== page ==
BETHLEHEM, Pa. — Two Pennsylvania men are behind bars in connection with a homicide case that is believed to have been carried out under the influence of Flakka.
James Heimbach, 30, and Charles Yocum, 32, both of the Bethlehem area are accused of killing Joseph Goda, 28, this month after investigators found the man’s bloodied and bitten body in the trunk of a vehicle.
According to WFMZ-TV and the Pocono Record, the discovery began when Heimbach’s landlord went to his apartment to speak to him about renewing his lease. When he did not answer, the landlord opened the door and found the dwelling splattered with blood.
The landlord then called police, who not only found a “substantial” amount of blood, but also evidence of drug use. They set out to find Heimbach, and were told by his mother that he was being treated at an area hospital.
Police discovered that Heimbach had been arrested by other officers who found him delusional and shouting in the streets in his underwear. He had been taken into custody for public intoxication and transported to the Pocono Medical Center for treatment.
Upon interviewing Heimbach, police were told that the three snorted Flakka after Goda brought it to Heimbach’s apartment. Heimbach said that Goda began attacking him during the visit, punching him and biting his hands. Police noted that Heimbach did indeed have scratches on his arms, bite marks on his hands, and bruises on his face.
But Heimbach said that he did not remember what happened after that time. Yocum, who was found running through the woods, told police that he saw Heimbach strike Goda in the head with a shotgun, roll his body into a carpet and place it in the trunk of a car.
He said that the intention was to dump Goda’s body in the ocean.
When police found the vehicle, which belonged to Yocum’s mother, they discovered Goda’s body in the trunk. He had bite marks on his face and arms.
Heimbach is now charged with criminal homicide and is incarcerated without bail. Yocum has been charged with abuse of a corpse, obstructing police and tampering with evidence. He is being held on $200,000 bail.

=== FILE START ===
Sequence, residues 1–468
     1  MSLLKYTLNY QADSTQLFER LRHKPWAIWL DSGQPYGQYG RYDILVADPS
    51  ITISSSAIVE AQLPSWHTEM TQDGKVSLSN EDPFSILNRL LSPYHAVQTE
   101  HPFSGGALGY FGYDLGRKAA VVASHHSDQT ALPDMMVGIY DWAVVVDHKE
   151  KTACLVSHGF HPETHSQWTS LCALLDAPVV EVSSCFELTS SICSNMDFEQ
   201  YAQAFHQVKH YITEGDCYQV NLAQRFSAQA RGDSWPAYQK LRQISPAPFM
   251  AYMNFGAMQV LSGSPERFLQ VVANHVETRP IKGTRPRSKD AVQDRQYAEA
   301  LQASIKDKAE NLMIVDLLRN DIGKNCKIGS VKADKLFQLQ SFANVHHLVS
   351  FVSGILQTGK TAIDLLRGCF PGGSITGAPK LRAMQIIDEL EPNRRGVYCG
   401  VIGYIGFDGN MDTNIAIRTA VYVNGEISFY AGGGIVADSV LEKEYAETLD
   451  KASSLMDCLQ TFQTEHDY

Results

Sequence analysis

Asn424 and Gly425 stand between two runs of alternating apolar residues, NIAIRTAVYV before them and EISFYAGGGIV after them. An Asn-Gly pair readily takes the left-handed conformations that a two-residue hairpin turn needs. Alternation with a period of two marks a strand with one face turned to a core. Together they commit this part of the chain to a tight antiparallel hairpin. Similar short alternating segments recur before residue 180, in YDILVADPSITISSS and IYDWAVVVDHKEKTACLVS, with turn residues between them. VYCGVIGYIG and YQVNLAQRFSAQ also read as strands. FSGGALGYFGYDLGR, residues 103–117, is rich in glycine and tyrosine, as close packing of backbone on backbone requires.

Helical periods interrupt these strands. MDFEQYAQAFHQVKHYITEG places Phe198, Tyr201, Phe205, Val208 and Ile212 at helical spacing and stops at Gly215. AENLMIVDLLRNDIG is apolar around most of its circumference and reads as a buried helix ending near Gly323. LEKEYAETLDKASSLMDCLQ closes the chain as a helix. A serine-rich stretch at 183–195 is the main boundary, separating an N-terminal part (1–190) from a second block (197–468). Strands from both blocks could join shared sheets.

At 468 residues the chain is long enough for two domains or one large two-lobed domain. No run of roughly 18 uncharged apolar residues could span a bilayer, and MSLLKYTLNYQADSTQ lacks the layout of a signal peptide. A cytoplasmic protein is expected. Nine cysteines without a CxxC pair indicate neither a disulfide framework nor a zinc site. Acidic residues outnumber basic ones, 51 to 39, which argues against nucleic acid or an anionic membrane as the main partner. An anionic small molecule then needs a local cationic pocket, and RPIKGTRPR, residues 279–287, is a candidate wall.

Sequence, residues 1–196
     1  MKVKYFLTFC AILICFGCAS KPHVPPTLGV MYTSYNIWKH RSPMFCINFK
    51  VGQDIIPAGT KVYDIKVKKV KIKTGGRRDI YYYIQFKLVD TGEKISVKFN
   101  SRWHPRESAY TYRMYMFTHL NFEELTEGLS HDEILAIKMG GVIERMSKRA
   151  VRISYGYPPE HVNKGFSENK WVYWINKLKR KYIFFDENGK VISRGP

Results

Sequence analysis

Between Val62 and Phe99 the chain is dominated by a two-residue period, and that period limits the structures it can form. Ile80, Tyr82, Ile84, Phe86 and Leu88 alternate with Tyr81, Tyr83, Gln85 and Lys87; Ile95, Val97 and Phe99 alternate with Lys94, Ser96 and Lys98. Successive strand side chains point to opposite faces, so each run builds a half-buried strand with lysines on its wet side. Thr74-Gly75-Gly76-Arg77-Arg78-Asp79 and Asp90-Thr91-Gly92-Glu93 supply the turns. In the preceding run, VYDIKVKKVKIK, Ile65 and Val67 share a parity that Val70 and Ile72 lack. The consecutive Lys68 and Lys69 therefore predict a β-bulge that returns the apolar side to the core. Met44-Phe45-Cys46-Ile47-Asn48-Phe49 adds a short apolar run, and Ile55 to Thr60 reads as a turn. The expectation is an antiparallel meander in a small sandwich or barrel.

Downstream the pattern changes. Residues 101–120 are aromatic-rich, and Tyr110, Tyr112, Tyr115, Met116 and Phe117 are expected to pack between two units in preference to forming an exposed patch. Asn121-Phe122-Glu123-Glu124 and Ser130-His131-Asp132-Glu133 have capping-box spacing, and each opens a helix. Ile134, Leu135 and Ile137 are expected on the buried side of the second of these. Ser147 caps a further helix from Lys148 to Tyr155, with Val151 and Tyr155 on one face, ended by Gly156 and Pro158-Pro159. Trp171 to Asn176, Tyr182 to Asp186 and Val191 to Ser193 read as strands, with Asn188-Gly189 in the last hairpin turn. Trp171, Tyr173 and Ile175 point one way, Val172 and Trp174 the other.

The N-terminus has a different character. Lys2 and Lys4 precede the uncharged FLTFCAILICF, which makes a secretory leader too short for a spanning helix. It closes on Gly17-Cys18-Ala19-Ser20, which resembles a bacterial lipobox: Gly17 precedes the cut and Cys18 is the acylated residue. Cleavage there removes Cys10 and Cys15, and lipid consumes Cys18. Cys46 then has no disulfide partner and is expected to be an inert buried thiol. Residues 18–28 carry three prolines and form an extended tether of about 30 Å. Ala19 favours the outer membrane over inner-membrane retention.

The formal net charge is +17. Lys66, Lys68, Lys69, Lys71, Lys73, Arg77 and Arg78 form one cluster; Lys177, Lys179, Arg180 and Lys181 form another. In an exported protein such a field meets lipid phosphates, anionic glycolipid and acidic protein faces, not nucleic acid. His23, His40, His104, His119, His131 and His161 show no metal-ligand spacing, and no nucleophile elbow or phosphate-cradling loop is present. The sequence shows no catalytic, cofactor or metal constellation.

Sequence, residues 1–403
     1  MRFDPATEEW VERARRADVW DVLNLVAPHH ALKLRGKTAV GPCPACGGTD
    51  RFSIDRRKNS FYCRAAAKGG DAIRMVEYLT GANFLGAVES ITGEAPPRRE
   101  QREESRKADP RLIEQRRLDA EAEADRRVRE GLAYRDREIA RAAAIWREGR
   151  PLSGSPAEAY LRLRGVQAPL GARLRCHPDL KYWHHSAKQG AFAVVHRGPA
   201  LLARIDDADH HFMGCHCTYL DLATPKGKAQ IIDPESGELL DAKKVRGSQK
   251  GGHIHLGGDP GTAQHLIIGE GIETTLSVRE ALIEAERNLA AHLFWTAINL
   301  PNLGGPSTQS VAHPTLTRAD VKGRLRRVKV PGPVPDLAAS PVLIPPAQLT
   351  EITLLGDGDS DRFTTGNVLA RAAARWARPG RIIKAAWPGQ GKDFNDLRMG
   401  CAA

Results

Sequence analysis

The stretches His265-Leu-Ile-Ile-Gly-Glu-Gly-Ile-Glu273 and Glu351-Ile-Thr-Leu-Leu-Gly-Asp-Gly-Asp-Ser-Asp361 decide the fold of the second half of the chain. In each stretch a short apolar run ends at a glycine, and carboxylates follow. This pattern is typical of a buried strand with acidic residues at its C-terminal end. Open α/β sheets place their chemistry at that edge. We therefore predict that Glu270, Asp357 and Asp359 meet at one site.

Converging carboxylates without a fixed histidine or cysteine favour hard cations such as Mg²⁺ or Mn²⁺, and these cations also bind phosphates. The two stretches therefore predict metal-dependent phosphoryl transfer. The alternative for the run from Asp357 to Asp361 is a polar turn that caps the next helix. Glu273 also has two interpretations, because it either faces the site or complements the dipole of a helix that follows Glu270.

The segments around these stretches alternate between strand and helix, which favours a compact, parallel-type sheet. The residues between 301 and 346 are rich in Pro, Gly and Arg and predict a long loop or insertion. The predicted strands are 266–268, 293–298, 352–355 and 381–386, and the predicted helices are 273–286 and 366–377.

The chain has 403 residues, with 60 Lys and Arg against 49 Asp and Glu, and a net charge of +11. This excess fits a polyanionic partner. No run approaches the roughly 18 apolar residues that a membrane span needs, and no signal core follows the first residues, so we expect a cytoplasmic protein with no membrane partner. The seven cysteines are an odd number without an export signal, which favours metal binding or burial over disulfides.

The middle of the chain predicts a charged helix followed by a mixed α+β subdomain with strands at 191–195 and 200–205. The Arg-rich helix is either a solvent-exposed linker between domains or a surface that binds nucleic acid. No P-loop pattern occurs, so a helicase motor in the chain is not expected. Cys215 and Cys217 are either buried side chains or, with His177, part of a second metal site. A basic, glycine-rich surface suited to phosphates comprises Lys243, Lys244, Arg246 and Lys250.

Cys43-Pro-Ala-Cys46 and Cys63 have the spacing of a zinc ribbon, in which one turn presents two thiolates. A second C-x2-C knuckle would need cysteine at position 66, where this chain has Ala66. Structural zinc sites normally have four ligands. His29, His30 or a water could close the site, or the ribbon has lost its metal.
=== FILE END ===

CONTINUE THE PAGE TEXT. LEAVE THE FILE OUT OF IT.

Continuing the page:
“This is the first [flakka] case I know of here and, already, it’s connected to a homicide,” Bethlehem police Chief Mark DiLuzio told reporters. “It’s a truly terrifying drug that seems to turn users into zombies. They can’t feel pain. Their behavior is off the charts.”
As previously reported, two other violent crimes were recently in headlines that were believed to have been committed under the influence of psychedelic drugs.
Nico Gallo, 19, of Florida was allegedly high on Dibutylone when he “cannon-balled” through the plate glass window of a Stuart home in the middle of the night last Sunday and began attacking an adult woman and her son.
While the woman beat him numerous times with an aluminum baseball bat, and her son was able to wrestle the teen on the floor until help arrived, police described Gallo as a person of “extreme strength and a high tolerance to pain.”
“[Being hit with a bat] did not seem to affect him at all,” Sheriff William Snyder told reporters.
Weeks prior, Austin Harrouff, also 19 and of Florida, displayed super-human strength as he attacked a random couple at their home and killed them. As previously reported, Snyder had explained in the case that Harrouff was “growling and grunting” and “making animal noises” when he was found biting the flesh off the face of 59-year-old John Joseph Stevens III.
“Somebody not feeling pain, not responding to a dog bite, repeated stuns from a taser, taking three to four deputies and officer dog to get him off—that’s somebody with a lot more strength than you would normally encounter,” Snyder told CBS12.
Harrouff remains hospitalized, and officials are seeking to determine whether he was under the influence of Flakka or other drugs when the attack occurred.